Using Language to Maximize Learning
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Educators often worry that what they teach goes in one ear and out the other, but the right language can help produce a more engaged and efficient classroom, said Jenny Edwards in her ASCD Annual Conference session "How to Talk So Students Learn."
Creating a learning environment that conveys excitement, relates content to students' lives, and makes students feel comfortable and intelligent will engage students in the lesson and help them internalize the information.
Edwards, a faculty member at the Fielding Graduate University for the doctoral program in education, leadership, and change and author of Inviting Students to Learn: 100 Tips for Talking Effectively With Your Students, knows firsthand that a teacher's enthusiasm can change students' attitudes about a class and leave them inspired.
She described her experience teaching an introductory statistics course where, on the first day, students walked in dreading the class. She countered by sharing her zeal for the content: "This is so much fun!"
Teachers can also engage students by relating the content to their lives. Daniel Reyes and Homero Gonzales, partners at Fifth Freedom Educational Consultants, suggest having students write about their countries of origin to integrate their culture into the classroom.
"In that manner, the students feel safe and they feel welcome," Gonzales said.
Fostering students' feelings of intelligence is another engagement strategy, Edwards noted. Giving a brief overview of a coming topic a week before the unit begins, and offering additional resources on the subject, helps students feel like they know more about the topic when the lesson rolls around.
"We can only learn what we almost know," Edwards said.
Language is a major factor in classroom dynamics, and "continuing" phrases—such as "We are working together" as opposed to "We work together"—let students know that learning is an ongoing process and can help them feel and be more involved, Edwards said.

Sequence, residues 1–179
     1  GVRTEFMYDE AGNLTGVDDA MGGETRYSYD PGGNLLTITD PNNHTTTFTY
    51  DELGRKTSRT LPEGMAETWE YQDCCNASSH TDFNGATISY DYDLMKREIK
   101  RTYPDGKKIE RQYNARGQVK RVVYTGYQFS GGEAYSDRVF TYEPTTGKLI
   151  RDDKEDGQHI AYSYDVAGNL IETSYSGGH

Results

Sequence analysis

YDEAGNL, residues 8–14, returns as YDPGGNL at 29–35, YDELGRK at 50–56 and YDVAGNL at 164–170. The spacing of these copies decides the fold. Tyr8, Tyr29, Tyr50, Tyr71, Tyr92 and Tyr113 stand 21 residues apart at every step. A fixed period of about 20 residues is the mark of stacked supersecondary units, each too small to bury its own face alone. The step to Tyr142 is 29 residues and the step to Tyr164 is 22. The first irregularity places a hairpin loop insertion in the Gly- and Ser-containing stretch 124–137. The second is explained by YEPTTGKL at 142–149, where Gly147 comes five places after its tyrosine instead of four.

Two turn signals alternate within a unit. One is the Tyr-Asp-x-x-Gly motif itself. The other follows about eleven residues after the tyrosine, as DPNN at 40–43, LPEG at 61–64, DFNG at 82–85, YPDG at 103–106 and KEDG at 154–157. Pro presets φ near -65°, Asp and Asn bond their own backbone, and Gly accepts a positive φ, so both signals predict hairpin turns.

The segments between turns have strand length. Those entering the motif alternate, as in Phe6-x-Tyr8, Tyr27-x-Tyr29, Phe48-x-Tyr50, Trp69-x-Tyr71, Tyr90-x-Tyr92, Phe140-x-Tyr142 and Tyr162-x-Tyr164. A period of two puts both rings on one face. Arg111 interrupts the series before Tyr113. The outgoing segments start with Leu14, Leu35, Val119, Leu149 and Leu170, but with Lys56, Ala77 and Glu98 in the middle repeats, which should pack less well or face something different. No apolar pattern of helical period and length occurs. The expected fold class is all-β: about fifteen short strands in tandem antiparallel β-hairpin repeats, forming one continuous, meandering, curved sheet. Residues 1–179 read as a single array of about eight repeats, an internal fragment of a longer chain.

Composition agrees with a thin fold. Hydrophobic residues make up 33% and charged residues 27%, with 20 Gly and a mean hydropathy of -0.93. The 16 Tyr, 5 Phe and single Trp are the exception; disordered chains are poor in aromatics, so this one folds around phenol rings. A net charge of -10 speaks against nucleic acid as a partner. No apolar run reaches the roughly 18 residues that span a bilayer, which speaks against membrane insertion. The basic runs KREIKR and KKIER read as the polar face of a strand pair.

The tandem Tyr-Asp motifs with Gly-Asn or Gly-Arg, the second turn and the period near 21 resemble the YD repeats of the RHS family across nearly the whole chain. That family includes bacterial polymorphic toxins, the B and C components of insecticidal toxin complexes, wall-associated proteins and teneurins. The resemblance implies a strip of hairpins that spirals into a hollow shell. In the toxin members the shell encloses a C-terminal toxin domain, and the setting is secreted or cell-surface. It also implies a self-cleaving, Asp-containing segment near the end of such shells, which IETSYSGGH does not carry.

She also encourages instructors to use invitational questions that contain tentative language. Asking questions like, "What could be...?" lets students know that there are multiple possibilities, rather than one right answer. When asking students questions, there are several benefits to waiting longer to call on a student and then giving that student more time to answer.
Teachers who waited 2.7 seconds or more before calling on a student and before asking another question heard longer student responses, as well as more answers supported by logical arguments, according to research by late Mary Budd Rowe.
Paraphrasing what students say is also an effective communication tool, because it reinforces to students that teachers are really listening to them. Referencing Arthur L. Costa and Robert J. Garmston's Cognitive Coaching: A Foundation for Renaissance Schools, Edwards suggests keeping the focus on students by responding, "So you are feeling frustrated because..." Teachers can also help students organize their thoughts by communicating, "So you have three ideas..."
Edwards also emphasized the importance of sharing with students the next step in the learning process so that they understand how completing a specific task today relates to something they will do next week.
"It's really helpful to tell learners where they're going," she concluded.